Let’s break the speed barriers
In this age of instant coffee, noodles and gratification, Indian youth are not willing to wait patiently for anything. They’re determined to get what their hearts are set on, even if it means lying to their parents or violating rules
Tn oday’s youth are self-centred, and will do almost anything as long as it benefits them. To top it all, impatience seems to have been woven into their DNA.
“I will beg, borrow or steal to buy something I really want,” the Hindustan Times-MaRs Youth Survey recorded as many as 81.5% respondents as saying. While 68.3% youngsters confessed to doing things their parents would not approve of, as many as 66% confessed to lying to their folks.
Harshita Srivastava, a 22-year-old content writer with InstaOffice, has an explanation for the occasional untruth. “One’s sense of right and wrong should come from within. You lie only when you know you have made a mistake, and don’t want to hurt your parents. What matters is if there is sincere effort on your part to not make the mistake again,” she says.
Nearly 80% of the respondents polled by the Hindustan TimesMaRs Youth Survey said they would do anything to win the approval of their friends. Srivastava, however, was surprised by such an attitude. “If you have to go out of your way to gain the approval of your friends by changing who you are, then it is high time you asked yourself if it’s worth being friends with such people. Seeking anyone’s approval shows lack of self-confidence,” she asserted.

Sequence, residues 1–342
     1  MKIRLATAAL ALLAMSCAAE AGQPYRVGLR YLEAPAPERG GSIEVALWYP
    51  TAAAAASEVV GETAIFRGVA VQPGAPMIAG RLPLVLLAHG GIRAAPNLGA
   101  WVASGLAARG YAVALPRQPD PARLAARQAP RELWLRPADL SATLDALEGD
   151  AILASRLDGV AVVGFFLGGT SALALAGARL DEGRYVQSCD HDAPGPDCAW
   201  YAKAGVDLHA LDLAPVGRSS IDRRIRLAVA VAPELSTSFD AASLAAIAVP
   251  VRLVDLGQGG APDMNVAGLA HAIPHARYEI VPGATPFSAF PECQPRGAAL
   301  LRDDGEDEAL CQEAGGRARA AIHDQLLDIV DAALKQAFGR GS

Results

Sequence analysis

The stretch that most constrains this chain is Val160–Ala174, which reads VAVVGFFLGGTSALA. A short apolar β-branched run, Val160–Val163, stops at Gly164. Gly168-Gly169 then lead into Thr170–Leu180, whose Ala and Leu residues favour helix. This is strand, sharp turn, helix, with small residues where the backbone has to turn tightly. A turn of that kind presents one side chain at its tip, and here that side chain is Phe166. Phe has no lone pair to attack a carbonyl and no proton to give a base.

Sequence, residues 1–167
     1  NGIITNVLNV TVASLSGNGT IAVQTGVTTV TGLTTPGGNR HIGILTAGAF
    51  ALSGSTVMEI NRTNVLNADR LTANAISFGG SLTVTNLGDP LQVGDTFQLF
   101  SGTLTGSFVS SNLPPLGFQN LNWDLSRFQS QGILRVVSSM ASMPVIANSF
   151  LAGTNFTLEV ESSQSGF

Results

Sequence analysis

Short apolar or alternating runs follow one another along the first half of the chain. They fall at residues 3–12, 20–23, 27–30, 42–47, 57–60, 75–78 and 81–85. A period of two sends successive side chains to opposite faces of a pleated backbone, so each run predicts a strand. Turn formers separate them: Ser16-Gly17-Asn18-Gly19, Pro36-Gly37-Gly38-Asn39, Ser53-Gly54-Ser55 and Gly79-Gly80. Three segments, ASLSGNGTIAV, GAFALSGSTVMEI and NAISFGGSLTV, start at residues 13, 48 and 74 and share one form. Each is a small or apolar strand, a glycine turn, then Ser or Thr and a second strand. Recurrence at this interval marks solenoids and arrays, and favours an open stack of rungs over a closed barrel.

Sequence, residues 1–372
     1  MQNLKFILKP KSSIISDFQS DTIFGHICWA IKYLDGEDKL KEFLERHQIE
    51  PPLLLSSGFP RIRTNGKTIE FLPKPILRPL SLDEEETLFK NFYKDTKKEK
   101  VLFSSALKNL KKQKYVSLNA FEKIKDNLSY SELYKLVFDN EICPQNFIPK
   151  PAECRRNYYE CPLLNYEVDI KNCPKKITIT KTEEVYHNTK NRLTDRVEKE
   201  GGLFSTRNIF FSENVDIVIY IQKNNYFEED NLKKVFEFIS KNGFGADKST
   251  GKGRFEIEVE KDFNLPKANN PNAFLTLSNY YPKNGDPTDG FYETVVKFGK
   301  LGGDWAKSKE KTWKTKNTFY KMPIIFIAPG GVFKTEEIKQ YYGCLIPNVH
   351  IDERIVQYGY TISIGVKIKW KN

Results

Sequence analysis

Tanya Jain, a copywriter with Webenza, also could not fathom why people would act fake to fit in a particular group. “It is time we realised that such pretence won’t get us anywhere. We need to learn to accept and love ourselves for who we are,” she said.
Delhi-based psychoanalyst Nilofer Kaul put this trend in perspective. “The desire for peer approval seems to pervade our adolescence and youth. Acting cool and keeping up with the latest fashion improves acceptance in the community. Often, we find ourselves lacking in confidence and not measuring up to societal standards,” she said.
The survey also highlighted the widening generation gap between youngsters and older folk. As many as 75% of the respondents said they wouldn’t care what their parents thought as long as they did what they believed was right.
However, Shubham Saran – the 31-year-old founder of Zorted Solutions Private Limited – said while it was okay to be influenced by Western values, the youth should try to strike a balance between their views and that of their parents. “While the younger lot are adopting a more ‘modern’ outlook due to the advent of technology, they also refuse to consider the fact that their parents have more experience than them,” explained Saran. “I have travelled to more places at my age than they did in their youth, but they will always have an edge in understanding human emotions and situations.”
India’s younger generation is also anything but patient. Over 82% respondents of the survey said they wanted everything – and fast.
“This attitude resonates well with the fact that resources are much easier to access now. The advertisements being aired these days stress on this very fact. One thing that can be highlighted here is Royal Stag’s ‘It’s your life’ commercial, which goes to say that nothing is unachievable. If you have the will, you can etch out huge goals for yourself and push hard to achieve them,” said Saran.